As mentioned, there was a time not all that long ago when the cost factor to keep data alive and accessible for interactive querying was insurmountable. So began the rise of the frozen data archives (Gelida Lacus), which are platforms meant for long-term data storage but aren’t capable of fast, flexible retrieval, much less interactive querying. In addition to the traditional kinds of archived data required for compliance, investigations, or records management, those cost concerns mentioned earlier have forced the typical big data organization to store a large percentage of its Human Data in these frozen lakes as well.

Gelida Lacus — permafrost
Gelida Lacus — permafrost

Data archives can usually only retrieve the data within them via metadata (hmm, kind of like Lapillus Machina), and the platforms that do allow finding by the contents within the records are very limited in the query mechanisms they provide — often the background search mechanism amounts to a very slow keyword-based table scan of every. single. record. 

As time has gone by, low-cost resilient and highly available object stores (S3, blob stores, etc.) have gradually taken the place of shared drives and SANs as the cold storage. With object stores came new technologies designed to span those large data stores and overcome some of the searchability shortcomings of the past. Most of these new technologies have chosen relational databases as the query model and interface (though I know there are differences, I’m including columnar stores and dataframes in this description). These so-called “data lake” technologies (Datum Lacus) are more than an evolution of the frozen archives; they are a huge step forward and can be extremely powerful for specific use cases (especially those involving large-scale number crunching), but for the purposes of Human Data you simply can’t do everything you need to be able to do with SQL. In the larger view, having some portion of the data that you need for human analytics in a data lake presents us with yet another data silo that has to be merged with Terra Disfunctio in order to get the full picture.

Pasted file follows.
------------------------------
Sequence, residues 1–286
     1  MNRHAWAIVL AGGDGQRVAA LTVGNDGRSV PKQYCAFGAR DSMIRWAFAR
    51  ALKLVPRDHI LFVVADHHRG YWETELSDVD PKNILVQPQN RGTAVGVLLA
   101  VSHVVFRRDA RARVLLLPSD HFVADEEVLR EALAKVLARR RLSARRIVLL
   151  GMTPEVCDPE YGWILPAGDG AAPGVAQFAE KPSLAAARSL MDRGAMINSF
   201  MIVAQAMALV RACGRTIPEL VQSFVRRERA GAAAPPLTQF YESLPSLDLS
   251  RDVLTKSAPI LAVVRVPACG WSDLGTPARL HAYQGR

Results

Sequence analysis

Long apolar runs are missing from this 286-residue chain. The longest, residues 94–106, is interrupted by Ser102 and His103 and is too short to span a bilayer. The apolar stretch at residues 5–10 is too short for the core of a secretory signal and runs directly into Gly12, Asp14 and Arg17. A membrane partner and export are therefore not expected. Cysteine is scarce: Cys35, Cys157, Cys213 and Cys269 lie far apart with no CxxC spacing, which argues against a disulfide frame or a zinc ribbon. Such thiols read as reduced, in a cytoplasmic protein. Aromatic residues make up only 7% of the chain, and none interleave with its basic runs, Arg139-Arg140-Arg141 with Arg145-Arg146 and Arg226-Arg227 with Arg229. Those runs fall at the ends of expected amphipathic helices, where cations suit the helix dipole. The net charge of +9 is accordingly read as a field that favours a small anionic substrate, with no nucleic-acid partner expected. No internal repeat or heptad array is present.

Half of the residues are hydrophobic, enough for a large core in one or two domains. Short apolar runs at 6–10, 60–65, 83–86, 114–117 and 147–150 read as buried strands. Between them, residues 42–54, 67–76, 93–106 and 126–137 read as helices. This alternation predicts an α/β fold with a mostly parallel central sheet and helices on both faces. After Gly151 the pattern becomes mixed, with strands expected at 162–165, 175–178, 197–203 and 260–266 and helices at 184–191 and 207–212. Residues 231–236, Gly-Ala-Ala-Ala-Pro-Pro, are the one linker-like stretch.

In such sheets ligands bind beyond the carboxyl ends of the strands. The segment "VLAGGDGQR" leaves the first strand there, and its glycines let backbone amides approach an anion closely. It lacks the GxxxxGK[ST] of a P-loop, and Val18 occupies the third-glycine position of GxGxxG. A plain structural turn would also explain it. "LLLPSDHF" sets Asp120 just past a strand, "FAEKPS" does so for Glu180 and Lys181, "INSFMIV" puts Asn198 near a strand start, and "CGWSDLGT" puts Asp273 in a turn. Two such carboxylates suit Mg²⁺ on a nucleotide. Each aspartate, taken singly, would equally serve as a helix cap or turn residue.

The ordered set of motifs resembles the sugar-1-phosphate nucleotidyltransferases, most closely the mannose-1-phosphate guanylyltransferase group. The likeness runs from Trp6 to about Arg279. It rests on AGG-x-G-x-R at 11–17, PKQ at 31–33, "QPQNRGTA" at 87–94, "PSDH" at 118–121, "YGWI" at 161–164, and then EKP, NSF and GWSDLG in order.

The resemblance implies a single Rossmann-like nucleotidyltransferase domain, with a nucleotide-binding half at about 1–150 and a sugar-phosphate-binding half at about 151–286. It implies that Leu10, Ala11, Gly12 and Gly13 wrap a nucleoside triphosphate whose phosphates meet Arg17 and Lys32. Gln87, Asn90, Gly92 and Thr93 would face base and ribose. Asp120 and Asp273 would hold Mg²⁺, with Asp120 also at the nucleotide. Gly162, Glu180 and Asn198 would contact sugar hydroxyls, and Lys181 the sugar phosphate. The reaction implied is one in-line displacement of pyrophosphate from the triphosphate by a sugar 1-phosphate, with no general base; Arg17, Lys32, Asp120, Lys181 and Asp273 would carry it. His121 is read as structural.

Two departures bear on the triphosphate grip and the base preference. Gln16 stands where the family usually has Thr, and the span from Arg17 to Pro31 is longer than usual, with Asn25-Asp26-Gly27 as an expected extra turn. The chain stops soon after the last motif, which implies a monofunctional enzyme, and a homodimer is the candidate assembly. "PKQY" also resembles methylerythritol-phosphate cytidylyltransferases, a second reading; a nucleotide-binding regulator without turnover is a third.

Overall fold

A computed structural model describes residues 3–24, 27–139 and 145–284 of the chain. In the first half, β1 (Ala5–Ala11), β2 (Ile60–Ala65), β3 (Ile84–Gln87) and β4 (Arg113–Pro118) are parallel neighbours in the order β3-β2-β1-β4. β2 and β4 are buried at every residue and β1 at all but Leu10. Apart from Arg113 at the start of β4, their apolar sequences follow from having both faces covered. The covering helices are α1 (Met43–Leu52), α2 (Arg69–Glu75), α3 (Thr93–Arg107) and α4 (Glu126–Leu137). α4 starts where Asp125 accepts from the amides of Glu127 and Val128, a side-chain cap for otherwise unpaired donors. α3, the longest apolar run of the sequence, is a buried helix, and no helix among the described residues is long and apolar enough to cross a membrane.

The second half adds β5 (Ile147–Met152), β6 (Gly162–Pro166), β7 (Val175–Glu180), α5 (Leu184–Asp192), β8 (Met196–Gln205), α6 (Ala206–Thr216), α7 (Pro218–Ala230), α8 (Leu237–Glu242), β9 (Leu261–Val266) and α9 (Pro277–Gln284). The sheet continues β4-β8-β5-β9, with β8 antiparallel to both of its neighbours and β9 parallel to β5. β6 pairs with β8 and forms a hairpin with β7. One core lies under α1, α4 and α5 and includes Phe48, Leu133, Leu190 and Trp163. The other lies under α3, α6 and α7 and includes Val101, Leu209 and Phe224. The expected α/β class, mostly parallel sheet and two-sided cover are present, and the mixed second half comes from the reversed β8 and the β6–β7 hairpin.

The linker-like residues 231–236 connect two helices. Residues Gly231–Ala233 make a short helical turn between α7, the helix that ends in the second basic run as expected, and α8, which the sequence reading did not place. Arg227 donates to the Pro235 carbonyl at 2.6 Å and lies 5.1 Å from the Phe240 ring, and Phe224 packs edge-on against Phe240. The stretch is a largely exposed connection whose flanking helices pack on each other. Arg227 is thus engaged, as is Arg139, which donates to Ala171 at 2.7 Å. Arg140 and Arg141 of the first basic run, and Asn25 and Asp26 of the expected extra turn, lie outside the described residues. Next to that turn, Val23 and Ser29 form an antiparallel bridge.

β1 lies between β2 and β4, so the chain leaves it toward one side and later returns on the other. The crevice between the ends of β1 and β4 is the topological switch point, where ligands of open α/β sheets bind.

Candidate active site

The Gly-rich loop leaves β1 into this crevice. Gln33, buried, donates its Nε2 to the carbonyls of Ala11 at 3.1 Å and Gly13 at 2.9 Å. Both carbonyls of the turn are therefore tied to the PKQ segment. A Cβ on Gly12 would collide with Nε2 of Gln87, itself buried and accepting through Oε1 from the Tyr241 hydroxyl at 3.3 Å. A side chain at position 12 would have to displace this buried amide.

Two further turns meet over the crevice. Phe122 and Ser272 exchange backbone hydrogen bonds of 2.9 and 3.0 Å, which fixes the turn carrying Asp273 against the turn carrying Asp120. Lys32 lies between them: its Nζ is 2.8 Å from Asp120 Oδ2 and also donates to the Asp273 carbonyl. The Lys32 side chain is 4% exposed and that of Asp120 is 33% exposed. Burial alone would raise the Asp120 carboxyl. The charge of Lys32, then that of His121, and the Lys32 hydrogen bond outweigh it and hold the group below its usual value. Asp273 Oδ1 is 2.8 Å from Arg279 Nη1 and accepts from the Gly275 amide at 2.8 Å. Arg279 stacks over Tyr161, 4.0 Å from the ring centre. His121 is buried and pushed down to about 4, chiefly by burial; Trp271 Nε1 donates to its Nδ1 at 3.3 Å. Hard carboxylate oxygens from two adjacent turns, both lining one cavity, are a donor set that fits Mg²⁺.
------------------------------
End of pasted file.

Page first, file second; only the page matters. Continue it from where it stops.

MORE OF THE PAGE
The relative value of data over time

Now that we have a view of the different states of data across the strata, we can explore some of the forces at work within the layers. Two factors that can have a large influence on how relevant a given bit of data is perceived are the age of the data and the data’s provenance or relative importance of the data to our daily operations.  

data lives on a spectrum

As data ages, its relative value and purpose changes from being useful in near real-time detection and alerting to grouped reporting and trends analysis, and finally it’s used for things like long-tail investigations and maybe large-scale modeling or planning activities. Sometimes data ends up staying around simply to satisfy compliance and records management requirements.

Provenance is frequently assigned during data collection (at the Lapillus Machina layer) or at ingest (into Terra Humanus) when the source is validated or identified as authoritative and given a higher relative weight in results.  

In practice, we would want to control the effects of these influencers dynamically to suit the circumstance, but due to the fractured state of Human Data, most organizations are only able to statically apply these factors. This lack of coherence across the Terra Humanus layer ends up shaping what we are able to accomplish with our data; it constrains how data gets managed through the layers, what operations can be performed, and ultimately how accurate our decisions can be with limited access to vital information. We’re left working within a data ecosystem that relies more on the legacy technical workarounds we’ve developed to overcome big data problems than it does on the nature of the data and how we really want to use it to solve problems.